Some time after the presentation, Burger, Stanger, and Murray exited McCullough Student Center from a back door where they encountered about 20 to 30 protesters, some of whom were wearing masks. It was immediately confrontational, Burger said, as protesters began pushing and shoving them. Even with the protection of two campus security officers, someone allegedly grabbed Stanger by the hair and twisted her neck. After they got into a car, Burger, who was driving the vehicle, said that people began jumping on the hood of the car and rocking it back and forth. Inching the car forward about six inches at a time, Burger gradually navigated the car out of the parking lot. Later, Stanger was treated for her injuries at Porter Hospital.
But it isn’t clear whether the protesters responsible for the violence are actually enrolled at Middlebury. “I don’t believe that students would have physically attacked us,” Burger said, emphasizing that nonstudent activists were the first to confront them. An anonymous account on a student blog confirmed that the crowd outside McCullough Student Center included individuals from the community not enrolled at the school, but said that the attack on Stanger was accidental and that security officers overreacted to their protest. Stanger added additional commentary on her Facebook page; Murray’s account is on the AEI website.
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Though some paint the academic community as universally liberal and resistant to listening to opposing viewpoints, the debates at Middlebury prior to this event, which were published in departmental memos, local newspaper articles, reporting in The Atlantic, and letters in the student newspaper highlight the diversity of opinion within the campus. “There is no consensus at Middlebury,” Burger said. “We are a divided community.”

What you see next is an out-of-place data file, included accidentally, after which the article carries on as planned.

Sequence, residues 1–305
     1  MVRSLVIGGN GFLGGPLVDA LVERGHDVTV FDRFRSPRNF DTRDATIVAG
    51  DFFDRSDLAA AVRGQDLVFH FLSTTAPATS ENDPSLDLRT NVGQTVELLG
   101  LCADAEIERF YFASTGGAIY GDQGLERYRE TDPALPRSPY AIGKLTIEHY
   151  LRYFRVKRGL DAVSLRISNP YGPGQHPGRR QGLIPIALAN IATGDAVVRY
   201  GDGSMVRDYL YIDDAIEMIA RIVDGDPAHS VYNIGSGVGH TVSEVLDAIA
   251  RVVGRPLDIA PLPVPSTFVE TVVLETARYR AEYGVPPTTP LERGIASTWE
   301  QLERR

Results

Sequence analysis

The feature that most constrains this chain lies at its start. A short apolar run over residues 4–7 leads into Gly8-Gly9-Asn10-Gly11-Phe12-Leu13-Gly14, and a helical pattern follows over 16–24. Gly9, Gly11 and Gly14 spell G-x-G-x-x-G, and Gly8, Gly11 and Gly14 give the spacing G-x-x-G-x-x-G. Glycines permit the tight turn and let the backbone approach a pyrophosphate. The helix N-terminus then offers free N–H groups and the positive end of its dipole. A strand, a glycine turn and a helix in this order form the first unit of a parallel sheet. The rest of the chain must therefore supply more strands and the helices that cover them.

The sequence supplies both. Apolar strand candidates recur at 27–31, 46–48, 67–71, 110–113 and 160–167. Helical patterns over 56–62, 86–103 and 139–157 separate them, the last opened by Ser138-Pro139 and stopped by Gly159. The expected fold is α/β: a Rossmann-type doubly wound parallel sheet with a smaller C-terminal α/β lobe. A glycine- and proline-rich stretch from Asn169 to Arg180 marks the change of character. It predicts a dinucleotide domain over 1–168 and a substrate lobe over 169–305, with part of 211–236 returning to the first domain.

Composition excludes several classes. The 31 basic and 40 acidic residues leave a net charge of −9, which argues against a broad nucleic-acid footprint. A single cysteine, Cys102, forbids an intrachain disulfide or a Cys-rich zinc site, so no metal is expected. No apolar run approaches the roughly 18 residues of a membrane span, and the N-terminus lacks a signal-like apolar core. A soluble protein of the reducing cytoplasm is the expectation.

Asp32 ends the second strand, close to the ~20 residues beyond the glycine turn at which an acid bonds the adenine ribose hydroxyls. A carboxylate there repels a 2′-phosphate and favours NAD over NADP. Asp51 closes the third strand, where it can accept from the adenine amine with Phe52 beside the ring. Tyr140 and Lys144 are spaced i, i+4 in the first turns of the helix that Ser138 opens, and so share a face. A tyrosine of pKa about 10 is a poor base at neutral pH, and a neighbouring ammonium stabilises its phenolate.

In the end, the college supported the event and created a contingency plan that would enable Murray to give his presentation in case of protests. “We were committed to letting him speak,” Burger said. “We believe that the highest calling of higher education is to explore the free expression of ideas without intimidation.”
In an interview, Murray agreed that it is a mistake to characterize the entire academic community as opposed to open discourse. He found it heartening to receive emails from many professors on the left who said they were appalled by what happened. While most academics are politically liberal, Murray said, there are many who celebrate the free exchange of ideas.
“There are a lot of people who are left-of-center who are open to intellectual diversity,” Murray said. “There is not a liberal hegemony on college campuses. Not all college faculty can be lumped together with the authoritarian intellectual stance that creates problems for people like me.” Indeed, many in the higher-education world, including those at Middlebury, have openly declared their support for free speech: Laurie Patton, Middlebury’s president; Matthew Dickinson, a political-science professor at Middlebury; and the American Association of University Professors, to name a few. However, those faculty who appreciate the importance of open dialogue, Murray added, need to defend those values more openly.